Baba Yara Stadium is now ready for CAN 2008.

Wednesday, April 04, 2007

Cardiovascular diseases emerging to become one of the most dramatic incoming epidemics

Cardiovascular diseases are emerging progressively to become one of the most dramatic incoming epidemics in the next two decades in Ghana.
According to Professor Charles A. Yankah, a Physician and an Executive Board Member of the African Cultural Institute of Berlin, the situation would be alarming if measures were not taken to check its predisposing factors from getting higher.
He said the disease could soon succeed HIV infection as a major killer in the society if education for prevention was not well appreciated.
Speaking in Kumasi at the 4th African Heart Seminar, which aims at promoting cardiovascular health care education in Africa, Prof. Yankah said every third adult Ghanaian like African-Americans suffers from hypertension or diabetes.
“This is due to a positive change in the life-style among modern Africans”, he said.
He said it appears there was an increase in the incidence of hypertension and diabetes related heart failure and cardiovascular deaths, such as acute myocardial infection, stroke or aortic rupture which are occasionally also described as sudden death.
The Seminar was organisedn colloboration with the Komfo Anokye Teaching Hospital (KATH), Christian Barnard Memorial Hospital in Cape Town, South Africa and the African Cultural Institute of Berlin.
A Physician and a Professor at the Deutsche Herzentrum and Charite Medical University in Berlin, Germany, Prof Yankah said without concerted efforts and action to improve cardiovascular disease prevention and to develop a sustainable medical surgical programmes in regional hospitals, cardiovascular disease would undermine the socio economic development in African society.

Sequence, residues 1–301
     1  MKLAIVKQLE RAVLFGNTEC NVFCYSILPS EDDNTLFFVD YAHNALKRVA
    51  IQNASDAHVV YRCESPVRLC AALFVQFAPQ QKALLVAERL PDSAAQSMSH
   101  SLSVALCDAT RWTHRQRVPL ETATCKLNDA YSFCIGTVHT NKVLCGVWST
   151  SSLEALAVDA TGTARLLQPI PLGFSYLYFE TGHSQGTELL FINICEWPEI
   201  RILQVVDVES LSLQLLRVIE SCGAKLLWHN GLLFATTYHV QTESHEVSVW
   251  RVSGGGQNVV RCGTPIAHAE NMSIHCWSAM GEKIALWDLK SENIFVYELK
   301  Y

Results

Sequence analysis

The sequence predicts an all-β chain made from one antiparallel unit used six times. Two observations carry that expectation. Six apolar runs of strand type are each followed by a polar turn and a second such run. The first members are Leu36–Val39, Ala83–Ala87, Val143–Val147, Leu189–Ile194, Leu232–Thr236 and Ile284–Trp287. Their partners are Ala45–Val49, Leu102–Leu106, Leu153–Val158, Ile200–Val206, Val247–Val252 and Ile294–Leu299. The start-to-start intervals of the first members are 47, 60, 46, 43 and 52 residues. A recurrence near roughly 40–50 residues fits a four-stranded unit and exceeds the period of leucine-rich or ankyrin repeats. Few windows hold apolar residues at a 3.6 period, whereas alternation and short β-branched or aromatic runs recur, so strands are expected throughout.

He said because of the lack of intensive care in Ghana, if a person gets an intensive cardiac attack the probability of survival in Ghana was 10 percent as compared to 60 percent in Europe.
He said a diagnosis of heart failure once signalled imminent death, 50 percent of the victims diagnosed with it would be dead within five years or earlier.
He said there are many other diseases besides diabetes and hypertension that cause heart failure and cardiovascular death, heart muscle disease, electrical conduction disturbance, rheumatic heart disease and congenital heart disease.
Prof Yankah said the incidence of rheumatic and congenital heart diseases was also alarming and that it was higher among the rural than the urban population.
He called for the intensification of public education about the disease and added that until very recently there was not much documents and information on diseases associated with lifestyles since the perception was that the country's health problems were overwhelmingly those of infections and parasitic infections, malnutrition and disorders that impacted adversely on safe motherhood.
He therefore called on the various stakeholders in the health delivery sector to make cardiovascular diseases a major public health issue.
He said there was the need for the country to treat the disease as a public health importance and the necessary resources allocated.
He said the grown-ups with congenital heart disease for example is a paradigm of poor healthcare programme, medically and surgically in childhood and that those who survive childhood are at a constant risk of developing heart failure under stress and die.
He called on physicians to repeatedly and categorically point out the risk factors for developing heart diseases and stroke and also called for the avoidance of fatty foods and making regular exercise as prognostic factors for good health to reduce incidence of cardiovascular diseases.

1 comment:

Anonymous said...

Hi Nice Blog . In this, the body is studied by regions rather than by organs. This is of importance to the surgeon who exposes different planes after the skin incision and who, of course, must be perfectly familiar with structures as he explores the limbs and cardiovascular system informationcavities.